The purpose of this research was to assess the diagnostic accuracy of sella turcica bridging on lateral cephalograms when compared with true sella turcica bridging determined via cone-beam computed tomography (CBCT).
A cross-sectional study was conducted using CBCT images from which lateral cephalograms were generated. The study included 185 subjects (118 females and 67 males; age range, 10-30 years; mean age, 16.63 ± 4.20 years). Sella turcica landmarks and related measurements were calculated for both diagnostic modalities and analyzed by 1 examiner. Subjects were classified into 1 of 3 outcome groups: no bridging, partial bridging, and complete bridging. Diagnostic accuracy was evaluated using sensitivity, specificity, positive and negative predictive values, and receiver operator characteristic curves.
Ten patients were diagnosed as complete bridging on CBCT, whereas 31 patients were diagnosed as complete bridging on lateral cephalogram. Although the lateral cephalogram detected all subjects with complete bridging, it incorrectly classified 12% of subjects. The percent agreement between both diagnostic methods was 55.68%, with a kappa statistic of 0.22 on the right sella turcica and 0.20 on the left sella turcica, indicating fair but statistically significant agreement. The overall accuracy of lateral cephalograms as a diagnostic modality in discriminating between no bridging and partial bridging was good as determined with the area under the curve values of 0.86 and 0.85 for right and left sides, respectively.
Although lateral cephalograms overestimate patients with complete bridging compared to CBCTs, they are a suitable screening modality for accurately suggesting complete sella turcica bridging and differentiating between patients with no bridging and partial bridging.
The frequency of complete sella bridging was 5.4% on CBCT and 16.8% on lateral cephalogram.
Lateral cephalograms are suitable for accurately suggesting complete sella turcica bridging.
Lateral cephalogram can accurately discriminate between no bridging and partial bridging.
The development of sella turcica and its morphologic variants has been extensively studied in the literature. , The sella turcica is a saddle-shaped depression on the intracranial surface of the sphenoid bone. There are 5 different morphologic variations of sella turcica as reported by Axelsson et al : oblique anterior wall, sella turcica bridging, double contour of the floor, irregularity in the posterior dorsum sella, and pyramidal shape of dorsum sella.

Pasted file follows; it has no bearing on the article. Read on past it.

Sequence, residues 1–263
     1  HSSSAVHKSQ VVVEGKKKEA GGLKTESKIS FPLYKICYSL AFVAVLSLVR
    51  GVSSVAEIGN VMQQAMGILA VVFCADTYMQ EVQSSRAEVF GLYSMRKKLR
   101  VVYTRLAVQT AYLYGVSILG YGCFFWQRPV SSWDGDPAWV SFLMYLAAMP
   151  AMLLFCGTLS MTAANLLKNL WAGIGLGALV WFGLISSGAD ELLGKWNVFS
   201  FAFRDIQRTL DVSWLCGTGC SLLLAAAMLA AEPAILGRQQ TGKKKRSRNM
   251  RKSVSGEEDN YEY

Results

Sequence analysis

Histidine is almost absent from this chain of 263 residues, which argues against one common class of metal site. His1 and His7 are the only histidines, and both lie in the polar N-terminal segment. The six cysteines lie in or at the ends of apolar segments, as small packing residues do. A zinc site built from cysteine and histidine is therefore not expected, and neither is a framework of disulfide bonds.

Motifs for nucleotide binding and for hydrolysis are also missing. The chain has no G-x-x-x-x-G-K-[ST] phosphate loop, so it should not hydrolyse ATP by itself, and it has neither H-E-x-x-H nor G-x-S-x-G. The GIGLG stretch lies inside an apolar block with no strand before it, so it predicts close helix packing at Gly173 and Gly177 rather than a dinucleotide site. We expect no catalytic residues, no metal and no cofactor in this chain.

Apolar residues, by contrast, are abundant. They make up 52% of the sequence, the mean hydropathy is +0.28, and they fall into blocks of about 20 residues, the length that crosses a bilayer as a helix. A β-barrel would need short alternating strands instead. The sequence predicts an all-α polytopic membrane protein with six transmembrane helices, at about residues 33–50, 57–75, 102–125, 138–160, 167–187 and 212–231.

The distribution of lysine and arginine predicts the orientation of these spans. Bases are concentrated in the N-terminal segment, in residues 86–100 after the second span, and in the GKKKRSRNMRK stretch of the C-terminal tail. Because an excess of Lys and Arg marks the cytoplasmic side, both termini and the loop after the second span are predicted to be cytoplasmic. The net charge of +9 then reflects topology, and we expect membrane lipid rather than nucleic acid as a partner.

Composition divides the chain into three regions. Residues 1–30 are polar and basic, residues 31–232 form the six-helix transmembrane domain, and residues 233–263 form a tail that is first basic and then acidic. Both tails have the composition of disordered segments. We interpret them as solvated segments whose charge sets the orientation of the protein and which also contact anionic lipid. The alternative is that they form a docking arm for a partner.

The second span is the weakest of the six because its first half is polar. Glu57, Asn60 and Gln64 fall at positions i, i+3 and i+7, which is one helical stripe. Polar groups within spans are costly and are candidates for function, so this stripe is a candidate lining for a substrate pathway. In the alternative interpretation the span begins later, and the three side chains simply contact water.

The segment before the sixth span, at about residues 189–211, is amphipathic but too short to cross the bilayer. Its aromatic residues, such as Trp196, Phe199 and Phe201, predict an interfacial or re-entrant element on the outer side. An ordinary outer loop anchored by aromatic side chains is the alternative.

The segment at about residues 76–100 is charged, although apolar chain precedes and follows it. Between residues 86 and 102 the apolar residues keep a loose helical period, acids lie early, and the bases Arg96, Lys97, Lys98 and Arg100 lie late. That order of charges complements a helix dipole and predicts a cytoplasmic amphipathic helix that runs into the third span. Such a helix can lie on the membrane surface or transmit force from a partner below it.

The sella turcica bridge is a complete ossification of the interclinoid ligaments, which may occur either unilaterally or bilaterally. Although the exact cause of bridging is not known, multiple theories have been proposed, including an abnormality in the embryologic development of the sphenoid bone resulting in bridging, ossification of the dura mater between the anterior and posterior clinoid processes, or because of focal infections of the pituitary gland.
This normal variant of sella turcica occurs with a reported incidence of 1.1%-13% of the general population, with an increased prevalence in those with severe craniofacial disproportions. , In addition, several studies have reported an increased frequency of bridging in adolescents with dental anomalies, such as canine impaction (odds ratio, 3.93; 95% confidence interval [CI], 1.43-10.7) and tooth transposition (odds ratio, 2.9; 95% CI, 1.1-7.9). As calcification in the sella turcica region can appear in early childhood, recognizing sella turcica bridging on diagnostic imaging may allow for early diagnosis and timely intervention of palatal canine impactions, potentially reducing the complexity of treatment. As well, it can serve as a screening method for rare genetic diseases such as Axenfeld-Rieger syndrome with PITX2 mutation. This is an autosomal dominant disorder that is caused by the abnormal migration of neural crest cells. Although the phenotype in this syndrome is heterogenous, midface hypoplasia, dental hypodontia, and sella turcica anomalies are commonly present. ,